Gay NFL Star Jerry Smith’s Career Examined in Groundbreaking Broadcast



National Football League Network Senior Producer Paul Monusky was asked to do a short five minute film on former Washington Redskins star Jerry Smith.

Jerry_SmithThe record setting football star was closeted his entire football career and died of AIDS on October 15, 1986. When Monusky ran into former teammates Chris Hanburger and Bobby Mitchell who sang Smith's praises, his playing ability and said everyone on the team 'sort of knew' that Smith was gay, Monusky realized that this was more than a five minute story.

As a result, this Tuesday night (January 21), NFL Network's "A Football Life"will air an historical hour on former Washington Redskin Jerry Smith. The show will air at 9PM EST and will be repeated throughout the week on the channel.

After the show, Jenn Brown will host "A Football Life: Backstory" which will delve deeper into Smith's life. Joining her will be Smith's former Redskins teammates Brigg Owens and Calvin Hill. In addition, I personally will be a guest.

Monusky, in an exclusive interview with, said, "This show is a first and is unlike anything we have done on the NFL Network. The show, without a doubt, is a groundbreaker."

Jerry Smith was a giant among football players.

NFL Films describes Smith for the upcoming special.

Almost 50 years ago, a young tight end named Jerry Smith joined the Washington Redskins. After 13 seasons on the team, Smith retired, but not before making two Pro Bowls, one All-Pro team, and playing in a Super Bowl. He set an NFL record with 60 receiving touchdowns, the most ever by a tight end (that record stood for 26 years). Smith was also gay, something that most of his teammates knew, but didn’t care about.

We interviewed 11 of Smith’s former teammates, plus other media members and family. In this film, we will explore how Jerry Smith’s sexuality was a constant source of fear for him, and how today it is not a concern for his teammates, who respected Jerry because of the person he was and what he could do on the field.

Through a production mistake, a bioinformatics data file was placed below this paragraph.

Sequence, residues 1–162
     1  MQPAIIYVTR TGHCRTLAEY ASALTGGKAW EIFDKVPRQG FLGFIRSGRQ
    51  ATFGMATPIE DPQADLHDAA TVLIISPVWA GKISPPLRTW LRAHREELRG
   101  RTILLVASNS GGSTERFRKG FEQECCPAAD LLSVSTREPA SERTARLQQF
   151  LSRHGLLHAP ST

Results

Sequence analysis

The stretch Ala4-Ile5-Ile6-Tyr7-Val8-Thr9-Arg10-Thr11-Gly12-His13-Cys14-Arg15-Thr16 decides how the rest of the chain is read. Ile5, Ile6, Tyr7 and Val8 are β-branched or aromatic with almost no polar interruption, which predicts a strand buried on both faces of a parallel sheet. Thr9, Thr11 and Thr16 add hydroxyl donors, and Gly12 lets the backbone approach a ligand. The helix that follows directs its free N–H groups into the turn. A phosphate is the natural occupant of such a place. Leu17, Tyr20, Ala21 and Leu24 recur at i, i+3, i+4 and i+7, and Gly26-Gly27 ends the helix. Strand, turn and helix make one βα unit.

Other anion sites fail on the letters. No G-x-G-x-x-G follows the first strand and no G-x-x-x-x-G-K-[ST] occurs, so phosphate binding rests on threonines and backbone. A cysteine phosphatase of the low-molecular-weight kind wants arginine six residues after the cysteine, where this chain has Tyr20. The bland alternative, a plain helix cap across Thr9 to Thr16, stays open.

When Monusky was asked in our interview what he learned most from producing this show on Smith, he said:

"Would have to say that the issue with an openly gay player is not so much with the teammates as it is with others. All the teammates care about is if you are an excellent player and will help them win."

Monusky continued:

"The biggest surprise for me was learning the amount of fear that Jerry lived with every day of his life. I don't think he would have been allowed to play or he would have resigned from the team if he had come out."

While the Senior Producer would never tell someone playing the NFL League today that they had to come out, he believes it will happen in the next year or two. He believes the reaction would depend on both how good a player he is on the field, and his personality off the field.

"It would have to be a Jackie Robinson type person who could thrive on the field while dealing with such intense pressure from the outside."

Personally having known Jerry Smith when he played for the Washington Redskins, I can only hope this historical broadcast will open up the doors to the Football Hall of Fame where he belongs among the other giants of Pro Football.

You can watch the trailer for the film by simply clicking here.



  1. anon says

    I’ve never heard of him, so this is interesting, but he played back before all the endorsement contracts made every NFL running back a media superstar. It’s really the money from contracts that makes the NFL what it is today and requires that players be marketable worldwide. The expansion of satellite TV in the 60’s made this all technically feasible. The NFL is a 1960’s invention, but back in the 1950’s both leagues were more like how people see hockey today, a sport for fans only, with few kids involved. Smith’s career was at the tail end of that era and the beginning of the NFL era and the rise of the superstars.